To download the complete version of "The Story So Far: What We Know About the Business of Digital Journalism," a new report on digital news economics from the Columbia University Graduate School of Journalism, click here.

The company’s model is a repudiation of much of what has driven online revenue for media companies. “Banner ads seem such a relic of the 19th century,” Groupon founder Andrew Mason told wired.com. “If God created man and the Internet on the same day, we would see more stuff like Groupon.”

The company has drawn complaints, particularly from retailers like some Chicago restaurant owners who said many Groupon customers either came only for the discount and didn’t return, or gamed the system by copying coupons and using them repeatedly. Groupon has also spawned a host of competitors. And media companies have wavered between joining with Groupon or competing with it.

The Minneapolis Star Tribune launched a coupon service, called STeals. Cox Media has started DealSwarm. McClatchy is trying to have it both ways: it announced a deal with Groupon in July 2010. Less than a year later, McClatchy said it would launch its own deal service, while continuing to work with Groupon. As AdAge noted, “McClatchy gets 15% of revenue from Groupon deals … on its own, McClatchy could collect as much as 50% from deals it sells and distributes.”

But it may be too late for news organizations to get substantial revenue from this business. Groupon is reported to be considering an initial public offering that could raise as much as $15 billion. With so much capital, Groupon could compete on price and breadth in ways that would overwhelm ordinary competitors. And Groupon has its own challenges. It is possible that so many competitors’ coupons will flood the market that consumers and businesses will begin to tune them out, which would diminish the value of the idea.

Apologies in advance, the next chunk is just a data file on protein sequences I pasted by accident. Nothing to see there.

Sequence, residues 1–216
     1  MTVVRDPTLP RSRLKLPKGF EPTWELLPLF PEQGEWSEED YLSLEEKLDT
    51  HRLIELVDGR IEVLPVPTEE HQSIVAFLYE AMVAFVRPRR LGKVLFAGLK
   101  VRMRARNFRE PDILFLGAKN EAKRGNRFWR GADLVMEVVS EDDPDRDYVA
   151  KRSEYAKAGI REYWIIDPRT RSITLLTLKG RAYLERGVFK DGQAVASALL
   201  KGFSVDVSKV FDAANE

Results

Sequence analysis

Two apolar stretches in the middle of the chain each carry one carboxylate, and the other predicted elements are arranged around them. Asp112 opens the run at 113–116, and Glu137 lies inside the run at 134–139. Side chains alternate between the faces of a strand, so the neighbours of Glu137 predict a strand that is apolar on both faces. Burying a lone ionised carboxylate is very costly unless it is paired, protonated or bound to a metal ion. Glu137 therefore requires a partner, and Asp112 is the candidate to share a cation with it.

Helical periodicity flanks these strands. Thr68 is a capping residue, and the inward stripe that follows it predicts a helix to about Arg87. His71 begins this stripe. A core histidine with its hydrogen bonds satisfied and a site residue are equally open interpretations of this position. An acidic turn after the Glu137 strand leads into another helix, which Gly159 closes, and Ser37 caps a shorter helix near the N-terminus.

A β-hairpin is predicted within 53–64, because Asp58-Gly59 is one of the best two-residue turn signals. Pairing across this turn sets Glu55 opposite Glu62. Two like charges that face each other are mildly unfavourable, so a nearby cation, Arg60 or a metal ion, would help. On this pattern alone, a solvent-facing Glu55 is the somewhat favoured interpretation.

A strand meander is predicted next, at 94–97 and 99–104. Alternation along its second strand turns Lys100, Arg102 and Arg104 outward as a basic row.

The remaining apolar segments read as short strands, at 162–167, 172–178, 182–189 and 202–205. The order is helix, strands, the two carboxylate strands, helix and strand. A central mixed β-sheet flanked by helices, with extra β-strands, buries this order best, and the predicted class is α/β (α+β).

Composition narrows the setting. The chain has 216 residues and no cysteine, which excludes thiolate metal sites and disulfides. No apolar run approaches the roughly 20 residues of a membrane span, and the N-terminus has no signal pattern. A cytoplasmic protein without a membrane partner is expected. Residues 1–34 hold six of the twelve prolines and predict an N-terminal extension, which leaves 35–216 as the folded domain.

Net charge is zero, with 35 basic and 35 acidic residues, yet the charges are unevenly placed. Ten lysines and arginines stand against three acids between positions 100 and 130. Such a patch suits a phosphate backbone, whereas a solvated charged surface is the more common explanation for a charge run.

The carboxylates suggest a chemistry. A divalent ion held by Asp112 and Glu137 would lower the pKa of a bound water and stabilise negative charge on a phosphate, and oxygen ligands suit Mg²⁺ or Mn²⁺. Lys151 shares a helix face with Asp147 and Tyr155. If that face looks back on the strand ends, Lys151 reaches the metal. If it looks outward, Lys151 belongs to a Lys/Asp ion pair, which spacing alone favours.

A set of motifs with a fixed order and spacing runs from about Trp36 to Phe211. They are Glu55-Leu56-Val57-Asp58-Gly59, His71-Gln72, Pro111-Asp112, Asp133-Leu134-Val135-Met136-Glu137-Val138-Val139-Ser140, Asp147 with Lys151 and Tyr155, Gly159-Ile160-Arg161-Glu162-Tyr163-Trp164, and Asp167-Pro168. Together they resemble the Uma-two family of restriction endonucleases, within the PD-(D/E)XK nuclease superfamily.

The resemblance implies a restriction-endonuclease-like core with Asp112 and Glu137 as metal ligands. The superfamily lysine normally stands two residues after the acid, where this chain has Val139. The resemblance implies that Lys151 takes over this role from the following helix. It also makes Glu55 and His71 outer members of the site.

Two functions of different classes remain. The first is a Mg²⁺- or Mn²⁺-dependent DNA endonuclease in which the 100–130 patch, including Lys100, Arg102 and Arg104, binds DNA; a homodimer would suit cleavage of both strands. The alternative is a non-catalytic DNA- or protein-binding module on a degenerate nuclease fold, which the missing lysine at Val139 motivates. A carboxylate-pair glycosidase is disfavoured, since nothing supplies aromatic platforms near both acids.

Many media companies are trying to raise revenue through more untraditional means. Wired opened a physical “Wired Pop Up Store” in New York City during the winter holidays, where it holds events like a “Geek Dad Family Party.” The store sells gadgets and paraphernalia. New York sponsors a wedding showcase event every year, selling tickets to the public, and sponsorships to national fashion brands; it also caters to local disc jockeys, dress stores, bakeries, and other enterprises in the wedding business.

Such events may be good for branding, but tend not to bring in a great deal of new revenue. The Atlantic is different. It is involved in running about
seventy-five events a year, the most ambitious of which is the Aspen Ideas Festival. “Most magazines do events for advertisers,” says Justin Smith, president of the Atlantic Media Group. “We use the Atlantic brand and editorial prowess for attracting people.” The business, called Atlantic LIVE, also runs events with such names as the Green Intelligence Forum and the Food Summit. They usually include partnerships with organizations tied to the topic. Coverage of the event may appear on The Atlantic’s site or in the pages of the magazine.

Atlantic LIVE is run separately from the magazine and website and has its own sales group and editors who run the events. It has become a significant source of income for the company. Of the $32 million reported as revenue by the company in recent publicity, as much as $6 million comes from these events.

If the old formula of “adjacency”—selling ads and commercials alongside content—is fading, what will replace it? There are many possibilities, but few are likely, on their own, to provide the stream of dollars that advertising and circulation once did.

It may be most useful to resist the temptation to think about digital journalism economics in terms of moving an old business model to a new realm. The common thread in the strategies described in this chapter is that they demonstrate an embrace of the Internet, rather than an attempt to subjugate it to legacy business models.

When viewed that way, the Internet isn’t a friend or an enemy. It’s reality.

To continue to Chapter Nine, click here.

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Chapter Nine: Managing Digital

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Bill Grueskin, Ava Seave, and Lucas Graves are the co-authors of "The Story so Far: What We Know About the Business of Digital Journalism." Grueskin is dean of academic affairs at the Columbia University Graduate School of Journalism. Seave is a principal of Quantum Media, a NYC-based consulting firm. Graves is a PhD candidate in communications at Columbia University. For further biographical details, click here.